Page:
When people first encounter myths at a young age, they often sense that something is true about them. As they learn more about the world, people realize that the myths they grew up with are not literally true. But the myths very often turn out to hold truth metaphorically. The myths are early literature, and like other literature they tell truth in a mode that philosophy and science cannot, since they embody the truth through accounts of specific living beings. Some topics, such as love and family relationships, are perhaps more truly explained through this mode and the perspective of specific individuals.
Another way of explaining this point is to say that literature and philosophy need one another to provide full explanations of human experience. On such points, see Martha Nussbaum's excellent book Love's Knowledge. People tell stories all the time because stories are meaningful ways to get across the realities of human experience. If we were to insist that no one may give credence to anything not given in the terms of science and logic, our discourse would be greatly impoverished.
If Freud is right, myths like that of Oedipus express what is normally inexpressible about the human condition, such as the young child's feelings about his parents. The most unlikely scenario may turn out to be generally true about us, if we only let ourselves encounter the inexpressible and face the taboo. On a more mundane level, most everyone can understand the feelings of family members who grieve over the loss of a parent, sibling, or child, and there is a sense in which the extreme reactions of these family members reflect the truth of what grieving persons might really want to do, even if, in a saner moment, they never would choose to take their grief to an extreme.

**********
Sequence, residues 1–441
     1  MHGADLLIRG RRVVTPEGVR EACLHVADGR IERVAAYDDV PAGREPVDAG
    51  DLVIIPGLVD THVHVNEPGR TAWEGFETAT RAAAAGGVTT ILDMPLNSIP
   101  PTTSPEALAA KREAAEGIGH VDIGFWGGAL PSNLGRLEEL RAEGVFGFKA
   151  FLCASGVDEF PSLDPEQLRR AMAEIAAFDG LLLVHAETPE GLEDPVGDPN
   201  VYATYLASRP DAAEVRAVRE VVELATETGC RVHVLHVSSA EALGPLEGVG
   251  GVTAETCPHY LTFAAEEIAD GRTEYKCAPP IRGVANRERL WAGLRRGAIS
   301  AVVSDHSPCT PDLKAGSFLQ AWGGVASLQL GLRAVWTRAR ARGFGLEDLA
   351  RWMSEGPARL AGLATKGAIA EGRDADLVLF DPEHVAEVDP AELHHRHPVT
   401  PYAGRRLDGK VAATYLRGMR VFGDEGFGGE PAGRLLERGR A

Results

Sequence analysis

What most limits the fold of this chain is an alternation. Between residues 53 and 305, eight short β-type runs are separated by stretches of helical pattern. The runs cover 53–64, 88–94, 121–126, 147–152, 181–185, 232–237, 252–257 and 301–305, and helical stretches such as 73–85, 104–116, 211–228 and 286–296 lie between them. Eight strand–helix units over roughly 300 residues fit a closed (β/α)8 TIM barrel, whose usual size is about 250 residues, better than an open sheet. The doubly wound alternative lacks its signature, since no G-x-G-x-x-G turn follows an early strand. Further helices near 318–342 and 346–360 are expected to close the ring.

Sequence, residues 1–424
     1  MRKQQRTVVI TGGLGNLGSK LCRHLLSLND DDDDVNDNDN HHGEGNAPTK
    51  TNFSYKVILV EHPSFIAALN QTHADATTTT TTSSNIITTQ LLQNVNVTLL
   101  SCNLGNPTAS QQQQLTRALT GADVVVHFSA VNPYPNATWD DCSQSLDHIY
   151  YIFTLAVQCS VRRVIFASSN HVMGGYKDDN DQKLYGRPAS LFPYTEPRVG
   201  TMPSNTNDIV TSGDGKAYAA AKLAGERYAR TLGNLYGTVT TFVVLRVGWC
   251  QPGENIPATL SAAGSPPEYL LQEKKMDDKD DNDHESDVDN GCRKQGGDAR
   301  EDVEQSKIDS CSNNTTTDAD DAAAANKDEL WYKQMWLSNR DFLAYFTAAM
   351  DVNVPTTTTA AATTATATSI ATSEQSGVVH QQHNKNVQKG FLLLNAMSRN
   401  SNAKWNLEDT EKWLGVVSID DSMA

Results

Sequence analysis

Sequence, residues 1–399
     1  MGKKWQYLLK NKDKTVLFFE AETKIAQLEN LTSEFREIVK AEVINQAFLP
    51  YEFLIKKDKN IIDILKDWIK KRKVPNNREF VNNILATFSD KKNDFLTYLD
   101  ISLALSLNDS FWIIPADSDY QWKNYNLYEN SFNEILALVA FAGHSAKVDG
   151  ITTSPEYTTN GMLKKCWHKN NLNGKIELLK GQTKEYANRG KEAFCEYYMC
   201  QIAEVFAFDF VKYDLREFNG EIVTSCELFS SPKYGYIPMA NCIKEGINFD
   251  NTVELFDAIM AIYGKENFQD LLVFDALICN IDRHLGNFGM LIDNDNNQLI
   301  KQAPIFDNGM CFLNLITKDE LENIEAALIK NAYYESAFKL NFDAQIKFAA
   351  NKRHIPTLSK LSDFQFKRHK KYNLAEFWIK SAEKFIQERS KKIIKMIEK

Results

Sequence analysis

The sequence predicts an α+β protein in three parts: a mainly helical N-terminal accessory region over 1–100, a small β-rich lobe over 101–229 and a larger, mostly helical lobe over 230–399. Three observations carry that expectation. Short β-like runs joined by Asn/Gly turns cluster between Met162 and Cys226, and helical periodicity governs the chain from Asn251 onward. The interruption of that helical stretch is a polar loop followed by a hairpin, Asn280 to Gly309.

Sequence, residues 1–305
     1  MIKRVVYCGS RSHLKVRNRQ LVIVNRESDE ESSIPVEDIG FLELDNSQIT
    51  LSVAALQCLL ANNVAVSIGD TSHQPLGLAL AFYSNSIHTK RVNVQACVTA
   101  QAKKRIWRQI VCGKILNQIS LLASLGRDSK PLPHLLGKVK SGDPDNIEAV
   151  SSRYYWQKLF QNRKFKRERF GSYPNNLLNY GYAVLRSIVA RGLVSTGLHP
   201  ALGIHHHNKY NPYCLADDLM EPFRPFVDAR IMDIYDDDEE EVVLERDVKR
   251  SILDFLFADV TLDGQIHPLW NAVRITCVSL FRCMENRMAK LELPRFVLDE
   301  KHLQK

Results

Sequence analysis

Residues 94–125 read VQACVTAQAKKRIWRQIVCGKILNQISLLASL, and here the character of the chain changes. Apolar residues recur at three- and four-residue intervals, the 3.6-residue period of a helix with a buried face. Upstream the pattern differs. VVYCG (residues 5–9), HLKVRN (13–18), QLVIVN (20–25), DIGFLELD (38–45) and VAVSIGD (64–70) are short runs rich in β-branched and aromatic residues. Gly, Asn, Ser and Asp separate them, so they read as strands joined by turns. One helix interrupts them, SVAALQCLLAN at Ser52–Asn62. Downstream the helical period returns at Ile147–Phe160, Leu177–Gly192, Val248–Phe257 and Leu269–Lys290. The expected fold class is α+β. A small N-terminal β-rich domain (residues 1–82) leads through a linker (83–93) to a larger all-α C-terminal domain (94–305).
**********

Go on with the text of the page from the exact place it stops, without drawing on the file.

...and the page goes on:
Even the mythical accounts of nature express a sort of truth. Winter's dark and cold months are expressed well in the myth of Persephone, whether or not she is really in the Underworld and Demeter is grieving. Yes, we know already that winter is this way, at least at Greek latitudes, but that does not make the myth less true in the telling. Likewise, that echoes exist is true, and whether or not we have ever heard an echo across a canyon, the myth tells us something we truly can expect about nature.
There is much that is false about myths and about all fiction by nature. There is a famous ancient quarrel between philosophers and poets. Nevertheless, we would not be reading the myths today if they had nothing lasting to offer us.